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I would sure like to see some sources for Lasee's claims on the West Bank settlements policy (I checked his website, and no sources are provided there either). I don't doubt that teachers there carry guns--many, if not most, settlers do--but to the extent that this in itself is a proven deterrent to terrorist attacks, I'd imagine it involves security procedures that kick in long before the point at which the assassin strolls into the classroom. These are small schools in small communities and an approaching stranger would be easy to spot.

On the face of it, it seems very unlikely that an armed teacher would likely have been able to prevent the Colorado or Pennsylvania killings (and an Amish teacher wouldn't carry a gun anyway, but setting that aside for a moment). If I were going into a school armed and with the intent to harm or kill, God forbid, and assuming I was able to evade whatever perimeter security existed, I wouldn't even give the teacher a chance to draw their gun; I'd kill them immediately, then take at least one student hostage to give me leverage with anyone else who tried to challenge me. Which was exactly the dilemma the police faced in the Colorado and Pennsylvania shootings: it takes only an instant to take a hostage, and once you've done that, anyone else who tries to take you down risks indirectly bringing about the hostage's death. And what about the case of a student who brings a weapon to school, assuming no one catches them with the weapon before they have a chance to draw it? They would likely do the same.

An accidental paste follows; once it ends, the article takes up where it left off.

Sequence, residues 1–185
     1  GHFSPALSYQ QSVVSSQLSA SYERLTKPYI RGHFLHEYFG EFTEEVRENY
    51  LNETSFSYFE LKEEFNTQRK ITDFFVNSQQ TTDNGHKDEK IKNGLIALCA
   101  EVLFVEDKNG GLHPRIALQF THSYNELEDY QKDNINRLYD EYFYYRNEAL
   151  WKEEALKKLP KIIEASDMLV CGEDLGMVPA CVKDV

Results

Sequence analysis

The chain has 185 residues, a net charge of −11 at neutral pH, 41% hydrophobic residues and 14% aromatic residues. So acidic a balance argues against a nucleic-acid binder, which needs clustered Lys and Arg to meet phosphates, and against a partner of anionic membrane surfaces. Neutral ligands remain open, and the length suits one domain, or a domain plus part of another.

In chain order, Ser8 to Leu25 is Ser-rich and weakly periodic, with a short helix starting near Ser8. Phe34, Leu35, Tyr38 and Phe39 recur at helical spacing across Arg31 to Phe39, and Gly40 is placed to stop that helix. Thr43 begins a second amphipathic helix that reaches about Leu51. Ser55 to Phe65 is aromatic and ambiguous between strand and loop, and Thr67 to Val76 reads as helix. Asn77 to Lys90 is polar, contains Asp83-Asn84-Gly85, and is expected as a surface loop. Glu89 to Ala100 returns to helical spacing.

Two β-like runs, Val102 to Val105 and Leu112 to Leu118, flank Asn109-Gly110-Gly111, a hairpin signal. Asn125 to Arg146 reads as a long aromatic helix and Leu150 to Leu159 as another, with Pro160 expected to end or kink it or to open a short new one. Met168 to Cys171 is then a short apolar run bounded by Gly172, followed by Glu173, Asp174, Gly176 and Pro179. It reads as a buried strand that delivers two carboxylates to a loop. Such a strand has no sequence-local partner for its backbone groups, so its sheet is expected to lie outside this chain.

However if any teachers in here want to make a case for why Lasee's idea might work, I'd be interested to hear it. I can't imagine most teachers wanting more guns in schools than there already are, though.
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Old 10-05-2006, 02:25 PM   #50
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It seems rather ironic to me that people suggest more guns as a way to combat more guns. More summits damnit, that's what we need! I wonder if the NRA will attend..

http://www.huffingtonpost.com/josh-s...t_b_30965.html

Schoolgirls Executed in Their Classroom: America Shrugs
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Old 10-05-2006, 03:21 PM   #51
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Have any of you heard about the Baptist group that wants to protest at the funeral for these poor girls? Apparently they would be protesting so that everyone would realize the reason for their deaths is because of homosexuality. Luckily some conservative radio host has offered them an hour of on-air time to spout their bullshit in exchange for not protesting. I mean we can't believe someone would do what this guy did, but look at how crazy this group is, and insensitive, and obnoxious. Sure they're not killing anyone, but they are considered sane by some.